Paul Caneiro couldn’t have killed his younger brother’s family in their posh $1.5 million New Jersey estate — he loved them too much, his attorney claimed Friday.
“He loved his brother, loved his sister-in-law like a sister and loved those children. He would never do anything to harm them,” Caneiro’s attorney, Mitchell Ansell, told reporters outside of Monmouth County Criminal Court following the accused killer’s first court appearance. “There was no reason on this Earth for him to have harmed them.”
Caneiro is accused of shooting and stabbing his brother, sister-in-law and their two children in a grisly attack at the couple’s Colts Neck mansion.
The 51-year-old businessman then set fire to his brother’s home in an attempt to conceal his murder spree, prosecutors said.
He also set fire to his own home — with his wife and children sleeping inside — “for the purpose of both destroying evidence from his earlier crimes in Colts Neck and to also create the illusion that the overall Caneiro family was somehow victimized and targeted,” prosecutors said.
Dressed in a green prison jumpsuit with his hands shackled in front of him, the grizzled suspect limped as he was brought into the courtroom.
He sat quietly — his eyes cast downward, apparently lost in thought — as prosecutors reviewed the charges.
The multiple-murder suspect only spoke when the judge addressed him, answering “Yes” “No” or “I do.”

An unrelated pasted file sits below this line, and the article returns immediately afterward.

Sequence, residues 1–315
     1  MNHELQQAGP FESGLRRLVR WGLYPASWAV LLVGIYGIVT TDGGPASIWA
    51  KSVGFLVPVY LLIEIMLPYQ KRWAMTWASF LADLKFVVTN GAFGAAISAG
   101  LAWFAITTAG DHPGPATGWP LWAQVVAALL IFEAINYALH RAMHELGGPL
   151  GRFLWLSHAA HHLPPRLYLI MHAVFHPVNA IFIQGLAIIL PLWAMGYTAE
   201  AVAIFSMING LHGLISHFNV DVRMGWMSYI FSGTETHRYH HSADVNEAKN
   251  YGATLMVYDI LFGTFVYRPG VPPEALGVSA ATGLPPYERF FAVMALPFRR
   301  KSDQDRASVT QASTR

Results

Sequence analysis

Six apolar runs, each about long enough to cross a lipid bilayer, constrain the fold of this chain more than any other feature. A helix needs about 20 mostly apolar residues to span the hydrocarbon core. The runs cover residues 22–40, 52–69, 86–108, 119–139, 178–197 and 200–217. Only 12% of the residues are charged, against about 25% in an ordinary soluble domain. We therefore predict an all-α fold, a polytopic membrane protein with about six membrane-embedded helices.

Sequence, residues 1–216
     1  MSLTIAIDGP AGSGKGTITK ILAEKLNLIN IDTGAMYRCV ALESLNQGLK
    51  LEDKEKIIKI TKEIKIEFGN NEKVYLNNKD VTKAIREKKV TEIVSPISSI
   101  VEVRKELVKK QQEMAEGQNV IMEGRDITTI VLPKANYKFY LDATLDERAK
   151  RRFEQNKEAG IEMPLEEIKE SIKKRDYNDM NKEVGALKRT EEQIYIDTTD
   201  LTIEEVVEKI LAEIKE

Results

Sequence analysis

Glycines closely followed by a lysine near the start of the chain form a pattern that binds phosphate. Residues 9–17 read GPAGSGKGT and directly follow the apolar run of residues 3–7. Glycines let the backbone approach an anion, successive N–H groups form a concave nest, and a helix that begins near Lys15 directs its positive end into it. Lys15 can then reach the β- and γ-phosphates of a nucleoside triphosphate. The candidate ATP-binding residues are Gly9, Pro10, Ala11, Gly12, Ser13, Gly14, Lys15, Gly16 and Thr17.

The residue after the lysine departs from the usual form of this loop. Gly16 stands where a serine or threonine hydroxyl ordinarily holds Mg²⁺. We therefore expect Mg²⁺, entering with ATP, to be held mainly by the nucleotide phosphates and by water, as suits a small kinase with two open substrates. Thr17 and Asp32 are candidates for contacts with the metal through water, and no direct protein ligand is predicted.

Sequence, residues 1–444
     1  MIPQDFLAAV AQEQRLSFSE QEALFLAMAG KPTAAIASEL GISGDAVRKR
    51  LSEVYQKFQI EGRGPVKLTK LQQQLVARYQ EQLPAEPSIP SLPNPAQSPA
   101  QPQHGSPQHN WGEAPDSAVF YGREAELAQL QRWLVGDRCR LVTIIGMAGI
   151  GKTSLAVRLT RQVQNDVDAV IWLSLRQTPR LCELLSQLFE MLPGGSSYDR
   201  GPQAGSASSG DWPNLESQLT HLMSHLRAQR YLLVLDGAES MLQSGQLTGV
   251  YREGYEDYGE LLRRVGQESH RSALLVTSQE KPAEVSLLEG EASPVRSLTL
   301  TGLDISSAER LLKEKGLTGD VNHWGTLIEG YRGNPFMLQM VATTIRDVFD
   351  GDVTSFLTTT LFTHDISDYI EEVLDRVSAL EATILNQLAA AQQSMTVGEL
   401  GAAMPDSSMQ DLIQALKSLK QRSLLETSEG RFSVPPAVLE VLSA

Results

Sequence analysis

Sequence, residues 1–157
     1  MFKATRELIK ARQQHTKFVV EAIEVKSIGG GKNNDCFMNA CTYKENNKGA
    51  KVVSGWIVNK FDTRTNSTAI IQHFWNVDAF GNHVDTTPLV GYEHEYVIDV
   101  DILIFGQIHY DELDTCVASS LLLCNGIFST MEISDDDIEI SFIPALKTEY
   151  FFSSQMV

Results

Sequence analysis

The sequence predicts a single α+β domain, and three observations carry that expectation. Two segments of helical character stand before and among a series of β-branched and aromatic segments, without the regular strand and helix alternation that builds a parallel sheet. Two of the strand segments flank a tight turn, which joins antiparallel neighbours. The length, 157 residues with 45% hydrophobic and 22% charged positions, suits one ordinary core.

Ansell and co-defense attorney Robert Honecker waived their client’s right for a detention hearing, meaning Caneiro will remain incarcerated until trial.
Caneiro’s wife and children were not in the courtroom during the hearing. They support him, but everyone felt “it would be better for them not to be here,” his attorneys said.
Monmouth County Prosecutor Christopher Gramiccioni claimed Caneiro killed his brother’s family over money issues involving the tech and pest control companies they co-owned, but his attorneys disputed the motive Friday.
“The prosecutor said it has to do with money, but there has been no evidence presented to us at this point in time about that,” Ansell said.
“(Caniero) has indicated that he has never engaged in any conduct which would cause harm to his brother or his brother’s family and he intends to challenge the evidence,” Honecker said. “In his view he believes that when the case is finally resolved, he will be vindicated.”
Prosecutors said Caneiro repeatedly shot his 50-year-old brother Keith in the dark outside his sibling’s mansion at 5 a.m. on Nov. 20.
They said he then stepped over his brother’s body and shot and stabbed his helpless sister-in-law, 45. He then used the knife on his nephew and niece — Jesse, 11, and daughter Sophia, 8.
Caneiro set a fire in his brother’s basement before fleeing with evidence he had hoped to destroy, officials said.
Gramiccioni on Thursday called the multiple killings “the most brutal case I’ve seen in my experience.”